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Seek Help for Sinus Pain,
Say Health Center Experts
February 28, 2000

February is Sinus Pain Awareness Month, and Health Center experts are urging people to seek help for sinus pain.

Sinus infections are the most common, chronic medical condition in the U.S. today, affecting more than 37 million Americans. Yet many people confuse painful sinusitis symptoms with recurrent colds or allergies, and do not seek help from medical professionals.

"If a person suspects they might have sinusitis, it's important that they seek medical attention," says ear, nose and throat specialist Gerald Leonard, of the UConn Health Center. "Acute sinusitis may require treatment with antibiotics, and chronic sinusitis can require a range of different, and more aggressive treatments. The good news is that help is available."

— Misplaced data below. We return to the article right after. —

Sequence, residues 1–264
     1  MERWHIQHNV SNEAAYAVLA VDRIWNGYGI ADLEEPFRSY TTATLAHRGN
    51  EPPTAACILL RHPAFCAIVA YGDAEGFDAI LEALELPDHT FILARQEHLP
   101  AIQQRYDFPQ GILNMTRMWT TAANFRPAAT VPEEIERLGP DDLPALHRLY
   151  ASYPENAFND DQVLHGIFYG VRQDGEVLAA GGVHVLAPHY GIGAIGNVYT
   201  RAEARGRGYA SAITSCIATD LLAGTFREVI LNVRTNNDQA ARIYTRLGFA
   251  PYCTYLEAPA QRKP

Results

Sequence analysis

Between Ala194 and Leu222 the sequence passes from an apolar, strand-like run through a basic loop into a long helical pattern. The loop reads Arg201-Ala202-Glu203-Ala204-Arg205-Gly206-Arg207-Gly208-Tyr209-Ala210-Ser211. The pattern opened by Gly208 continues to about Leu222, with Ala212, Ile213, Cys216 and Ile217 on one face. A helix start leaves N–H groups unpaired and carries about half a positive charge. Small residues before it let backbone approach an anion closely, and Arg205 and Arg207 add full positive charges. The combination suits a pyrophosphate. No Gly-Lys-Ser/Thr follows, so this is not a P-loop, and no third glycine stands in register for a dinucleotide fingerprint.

Sinusitis is caused by anything that blocks sinus drainage or prevents cilia - tiny hairs inside the sinus - from sweeping properly. Factors that can lead to acute sinusitis include:

  • Colds: Most acute sinus infections develop at the end of a head cold. Cold viruses don't cause bacterial sinusitis, but they set the stage by causing sinus openings to swell shut.

  • Allergies: Allergic substances can cause swelling of the nasal passages and block the openings between the sinuses and the nose.

  • Smoking: Tobacco smoke can inhibit mucus drainage.

Factors that can lead to chronic sinusitis include:

  • Fungal infections;

  • Nasal polyps;

  • Insufficient opening between the sinuses and the nose;

  • Deviated septum.

Treatment for chronic sinusitis may include a range of medications, nasal sprays and/or surgery.

Sinus surgery has become more safe and precise through the advent of new, endoscopic technologies, says Leonard. Last year, Health Center surgeons began using a state-of-the-art, image-guided for delicate sinus operations: the InstaTrak System. "This system gives us a computer-guided navigation tool," he says, "and an added safety measure when performing surgery within the nose and close to the brain and eye."

For more information about sinus care at the UConn Health Center call (800) 535-6232 or (860) 679-7692.

Maureen McGuire